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Beautiful Boxer

Genre: Drama
Rated: N/A
Directed by
Released by: Regent Releasing

In Short: The biopic of a transgendered Thai kickboxer has an interesting premise, but slow pacing and loose-footed performances make it kind of a drag -- no pun intended.

Million Baht Baby
Boxing in Drag? Kind of a Drag.
By Andrew Bender

The premise: A male kickboxer who wears women’s makeup and knows how to accessorize. Didn’t wrestlers Hulk Hogan and Jesse Ventura make that old news with their boa-wearing antics decades ago? But the setting is Thailand, an accepting society where cross-dressing is not just for comic relief. Besides, the boxer in question is Parinya Charoenphol (also known as Nong Toom), who rose to sensational fame in Bangkok---not only for his colorful antics but for kicking some serious butt and undergoing a sex change.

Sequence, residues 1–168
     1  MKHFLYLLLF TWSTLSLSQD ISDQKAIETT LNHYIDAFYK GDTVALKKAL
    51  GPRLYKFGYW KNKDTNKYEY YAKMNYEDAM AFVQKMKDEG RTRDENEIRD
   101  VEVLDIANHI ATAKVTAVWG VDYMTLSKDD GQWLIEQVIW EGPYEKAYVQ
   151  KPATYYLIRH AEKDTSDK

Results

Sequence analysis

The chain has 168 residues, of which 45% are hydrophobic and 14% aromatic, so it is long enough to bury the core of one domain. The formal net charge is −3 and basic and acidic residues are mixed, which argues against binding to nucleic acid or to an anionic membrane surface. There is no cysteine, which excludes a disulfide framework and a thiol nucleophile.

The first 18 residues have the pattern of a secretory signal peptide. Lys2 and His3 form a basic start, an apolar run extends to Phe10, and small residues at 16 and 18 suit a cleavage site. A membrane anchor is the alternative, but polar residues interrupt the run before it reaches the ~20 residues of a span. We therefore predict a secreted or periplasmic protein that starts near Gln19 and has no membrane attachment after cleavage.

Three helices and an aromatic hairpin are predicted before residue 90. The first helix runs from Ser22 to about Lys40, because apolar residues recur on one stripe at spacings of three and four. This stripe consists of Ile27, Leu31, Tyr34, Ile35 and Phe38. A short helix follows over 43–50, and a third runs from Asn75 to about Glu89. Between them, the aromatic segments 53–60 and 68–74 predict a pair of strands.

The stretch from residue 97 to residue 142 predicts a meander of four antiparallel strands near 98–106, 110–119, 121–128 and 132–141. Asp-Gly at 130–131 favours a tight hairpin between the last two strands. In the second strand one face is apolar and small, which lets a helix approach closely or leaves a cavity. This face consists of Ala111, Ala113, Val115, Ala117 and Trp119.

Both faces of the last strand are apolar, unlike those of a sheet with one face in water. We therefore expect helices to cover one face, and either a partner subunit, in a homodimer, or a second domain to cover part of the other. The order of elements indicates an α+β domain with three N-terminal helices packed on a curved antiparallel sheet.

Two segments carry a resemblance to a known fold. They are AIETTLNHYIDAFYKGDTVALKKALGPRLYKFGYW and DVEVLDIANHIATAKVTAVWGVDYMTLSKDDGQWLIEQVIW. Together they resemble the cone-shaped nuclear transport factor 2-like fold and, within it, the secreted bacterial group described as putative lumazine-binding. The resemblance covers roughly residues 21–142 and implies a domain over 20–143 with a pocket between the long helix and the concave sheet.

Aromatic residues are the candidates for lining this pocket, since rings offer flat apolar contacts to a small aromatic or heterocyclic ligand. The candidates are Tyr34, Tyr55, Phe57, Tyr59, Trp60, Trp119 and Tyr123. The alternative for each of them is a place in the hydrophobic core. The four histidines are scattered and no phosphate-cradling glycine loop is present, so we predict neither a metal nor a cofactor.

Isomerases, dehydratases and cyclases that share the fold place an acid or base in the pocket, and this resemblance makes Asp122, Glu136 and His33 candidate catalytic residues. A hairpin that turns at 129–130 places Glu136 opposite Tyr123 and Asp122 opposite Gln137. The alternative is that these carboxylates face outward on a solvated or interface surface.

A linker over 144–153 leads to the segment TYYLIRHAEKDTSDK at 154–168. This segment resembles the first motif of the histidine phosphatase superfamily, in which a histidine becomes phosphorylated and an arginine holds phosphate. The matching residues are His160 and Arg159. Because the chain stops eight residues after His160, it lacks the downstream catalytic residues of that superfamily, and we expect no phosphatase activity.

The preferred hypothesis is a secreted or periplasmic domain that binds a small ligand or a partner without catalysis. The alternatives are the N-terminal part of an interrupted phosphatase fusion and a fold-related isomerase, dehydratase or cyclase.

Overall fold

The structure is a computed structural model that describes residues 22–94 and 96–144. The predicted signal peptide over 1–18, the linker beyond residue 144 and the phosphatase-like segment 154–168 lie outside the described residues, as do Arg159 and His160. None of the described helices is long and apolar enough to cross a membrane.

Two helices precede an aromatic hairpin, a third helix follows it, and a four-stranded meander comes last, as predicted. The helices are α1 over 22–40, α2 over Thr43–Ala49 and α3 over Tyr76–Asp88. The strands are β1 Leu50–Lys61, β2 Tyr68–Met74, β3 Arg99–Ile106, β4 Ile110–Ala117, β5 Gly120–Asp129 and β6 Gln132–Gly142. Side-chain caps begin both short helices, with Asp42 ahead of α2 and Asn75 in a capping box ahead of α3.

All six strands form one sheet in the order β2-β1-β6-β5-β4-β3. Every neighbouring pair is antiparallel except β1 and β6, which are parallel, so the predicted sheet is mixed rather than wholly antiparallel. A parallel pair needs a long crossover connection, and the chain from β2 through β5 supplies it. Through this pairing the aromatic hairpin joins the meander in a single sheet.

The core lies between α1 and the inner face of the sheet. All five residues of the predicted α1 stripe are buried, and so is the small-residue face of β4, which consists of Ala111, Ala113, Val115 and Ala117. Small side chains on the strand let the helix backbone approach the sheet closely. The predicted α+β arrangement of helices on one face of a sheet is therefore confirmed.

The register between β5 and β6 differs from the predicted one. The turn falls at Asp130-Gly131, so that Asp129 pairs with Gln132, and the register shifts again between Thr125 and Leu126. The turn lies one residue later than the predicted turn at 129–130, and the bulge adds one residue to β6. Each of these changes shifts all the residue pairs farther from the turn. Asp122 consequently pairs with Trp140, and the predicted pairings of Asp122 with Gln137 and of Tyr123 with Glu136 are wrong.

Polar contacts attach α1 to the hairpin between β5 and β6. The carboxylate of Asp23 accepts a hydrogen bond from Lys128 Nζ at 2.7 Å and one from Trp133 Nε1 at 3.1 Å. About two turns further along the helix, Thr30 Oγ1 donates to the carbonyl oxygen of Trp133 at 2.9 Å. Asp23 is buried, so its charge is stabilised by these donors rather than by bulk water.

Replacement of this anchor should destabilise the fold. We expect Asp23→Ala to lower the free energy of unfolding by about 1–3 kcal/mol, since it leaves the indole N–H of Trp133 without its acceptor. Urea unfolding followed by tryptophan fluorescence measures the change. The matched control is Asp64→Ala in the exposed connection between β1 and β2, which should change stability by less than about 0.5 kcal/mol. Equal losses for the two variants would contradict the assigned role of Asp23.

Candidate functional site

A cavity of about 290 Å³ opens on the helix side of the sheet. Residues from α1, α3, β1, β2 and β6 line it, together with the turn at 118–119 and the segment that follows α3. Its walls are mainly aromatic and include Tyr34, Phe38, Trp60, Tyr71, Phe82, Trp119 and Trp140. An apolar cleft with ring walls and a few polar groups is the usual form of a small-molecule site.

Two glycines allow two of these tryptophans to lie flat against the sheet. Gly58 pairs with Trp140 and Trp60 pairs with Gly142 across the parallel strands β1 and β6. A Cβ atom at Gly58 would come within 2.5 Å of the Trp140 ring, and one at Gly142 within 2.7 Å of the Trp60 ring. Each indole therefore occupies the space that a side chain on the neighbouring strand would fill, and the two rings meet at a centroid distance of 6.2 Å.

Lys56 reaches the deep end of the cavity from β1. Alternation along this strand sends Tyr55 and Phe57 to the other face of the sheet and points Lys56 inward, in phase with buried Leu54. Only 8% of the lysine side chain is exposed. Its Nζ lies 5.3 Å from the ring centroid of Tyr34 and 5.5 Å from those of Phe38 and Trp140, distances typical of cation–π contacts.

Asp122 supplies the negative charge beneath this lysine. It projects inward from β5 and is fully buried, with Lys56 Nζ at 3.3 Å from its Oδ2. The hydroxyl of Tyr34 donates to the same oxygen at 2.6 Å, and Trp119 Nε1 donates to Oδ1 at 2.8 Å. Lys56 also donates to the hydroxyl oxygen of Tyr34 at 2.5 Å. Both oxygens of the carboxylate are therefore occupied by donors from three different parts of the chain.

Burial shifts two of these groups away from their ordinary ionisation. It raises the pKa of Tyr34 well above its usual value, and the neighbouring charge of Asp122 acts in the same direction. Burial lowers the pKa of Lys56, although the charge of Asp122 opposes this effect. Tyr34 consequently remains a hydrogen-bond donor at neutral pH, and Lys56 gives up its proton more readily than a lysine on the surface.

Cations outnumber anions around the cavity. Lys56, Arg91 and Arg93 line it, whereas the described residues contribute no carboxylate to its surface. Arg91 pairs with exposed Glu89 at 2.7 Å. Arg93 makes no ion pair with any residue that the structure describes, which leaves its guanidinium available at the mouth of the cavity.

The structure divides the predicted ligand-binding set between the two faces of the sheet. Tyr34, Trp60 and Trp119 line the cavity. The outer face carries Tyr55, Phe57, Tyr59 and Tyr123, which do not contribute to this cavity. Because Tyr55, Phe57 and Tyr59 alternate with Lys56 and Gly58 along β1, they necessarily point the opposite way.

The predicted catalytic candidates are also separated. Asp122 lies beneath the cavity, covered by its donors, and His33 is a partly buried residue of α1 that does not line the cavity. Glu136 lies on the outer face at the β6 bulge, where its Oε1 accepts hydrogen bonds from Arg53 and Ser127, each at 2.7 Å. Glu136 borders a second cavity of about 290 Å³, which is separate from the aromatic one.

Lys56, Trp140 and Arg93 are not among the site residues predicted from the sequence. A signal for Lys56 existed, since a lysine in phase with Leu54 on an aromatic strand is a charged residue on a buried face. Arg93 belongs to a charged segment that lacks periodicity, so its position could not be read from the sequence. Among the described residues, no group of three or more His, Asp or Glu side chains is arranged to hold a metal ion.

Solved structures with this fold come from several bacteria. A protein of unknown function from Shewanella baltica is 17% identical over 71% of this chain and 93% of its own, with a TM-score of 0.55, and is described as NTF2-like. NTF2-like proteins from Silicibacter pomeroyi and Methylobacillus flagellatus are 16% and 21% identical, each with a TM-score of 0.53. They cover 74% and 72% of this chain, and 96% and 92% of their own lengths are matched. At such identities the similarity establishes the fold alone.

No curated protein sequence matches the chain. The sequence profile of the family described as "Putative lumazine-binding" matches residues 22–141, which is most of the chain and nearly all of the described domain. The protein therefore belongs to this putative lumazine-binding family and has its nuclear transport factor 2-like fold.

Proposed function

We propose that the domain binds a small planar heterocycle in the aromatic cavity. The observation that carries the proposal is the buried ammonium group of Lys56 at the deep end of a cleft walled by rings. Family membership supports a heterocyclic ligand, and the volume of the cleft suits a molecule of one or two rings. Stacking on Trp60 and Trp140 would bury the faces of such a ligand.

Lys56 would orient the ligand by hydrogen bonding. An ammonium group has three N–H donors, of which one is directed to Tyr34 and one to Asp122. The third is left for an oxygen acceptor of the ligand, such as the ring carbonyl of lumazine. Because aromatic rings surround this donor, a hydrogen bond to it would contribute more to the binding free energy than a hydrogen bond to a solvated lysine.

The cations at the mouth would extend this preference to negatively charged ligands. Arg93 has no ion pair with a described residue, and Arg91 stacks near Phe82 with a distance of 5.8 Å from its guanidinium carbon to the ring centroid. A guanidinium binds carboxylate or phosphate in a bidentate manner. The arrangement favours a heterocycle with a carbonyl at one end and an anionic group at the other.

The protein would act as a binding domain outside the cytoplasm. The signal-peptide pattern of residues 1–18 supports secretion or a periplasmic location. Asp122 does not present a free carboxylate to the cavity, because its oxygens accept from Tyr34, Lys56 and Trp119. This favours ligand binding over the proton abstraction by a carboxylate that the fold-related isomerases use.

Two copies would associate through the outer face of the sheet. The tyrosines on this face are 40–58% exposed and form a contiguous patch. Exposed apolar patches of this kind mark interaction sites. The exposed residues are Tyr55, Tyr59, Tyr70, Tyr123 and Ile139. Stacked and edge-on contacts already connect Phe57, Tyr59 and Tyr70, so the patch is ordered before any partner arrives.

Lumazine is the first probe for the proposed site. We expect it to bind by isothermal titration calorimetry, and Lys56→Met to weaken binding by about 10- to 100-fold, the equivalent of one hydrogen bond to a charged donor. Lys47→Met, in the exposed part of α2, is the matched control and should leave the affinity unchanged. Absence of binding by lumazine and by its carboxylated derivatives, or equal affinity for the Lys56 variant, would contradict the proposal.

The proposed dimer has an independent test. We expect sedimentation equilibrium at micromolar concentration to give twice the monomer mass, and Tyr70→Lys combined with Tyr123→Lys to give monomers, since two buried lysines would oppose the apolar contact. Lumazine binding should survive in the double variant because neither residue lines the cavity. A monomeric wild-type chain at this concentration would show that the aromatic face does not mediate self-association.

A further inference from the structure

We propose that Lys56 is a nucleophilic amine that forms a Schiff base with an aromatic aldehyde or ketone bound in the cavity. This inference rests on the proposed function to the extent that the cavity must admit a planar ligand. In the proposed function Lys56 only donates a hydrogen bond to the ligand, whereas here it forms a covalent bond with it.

Growing up in the northern province of Chiang Mai, Nong Toom always wanted to be one of the beautiful women that his province was known for. His mother did not mind that he played with girls or wore flowers in his hair, but she drew the line at allowing others to bully him. Naturally, he became a kick-boxer.

Toom may act like a sissy out of the ring and wear lipstick and blush in the ring, but he sure doesn’t fight like a girl. Drawing on resources (perhaps frustration?) from deep within, he wins knock-out after knock-out, climbs through the ranks and makes a pile of money, squirreling it away to pay for the operation that will make female. Fans love the novelty, and his boxing buddies take it in stride – instead of making him take off the makeup, his trainer tells him to buy some that won’t run.

Despite all this color, “Beautiful Boxer” occasionally feels as lackluster as its title. There are some acting blips as well with Asanee Suwan as the adult Nong Toom. While his performance is pleasant enough, it seems limited to two emotions: puppy-dog cute and don’t-mess-with-me fierce.

For a U.S. audience, the best reasons to see this film are to get a taste of Thailand (and exciting boxing sequences) and to imagine how the same characters would be portrayed in American entertainment. The Thais seem to be mostly unfazed; what would you do?

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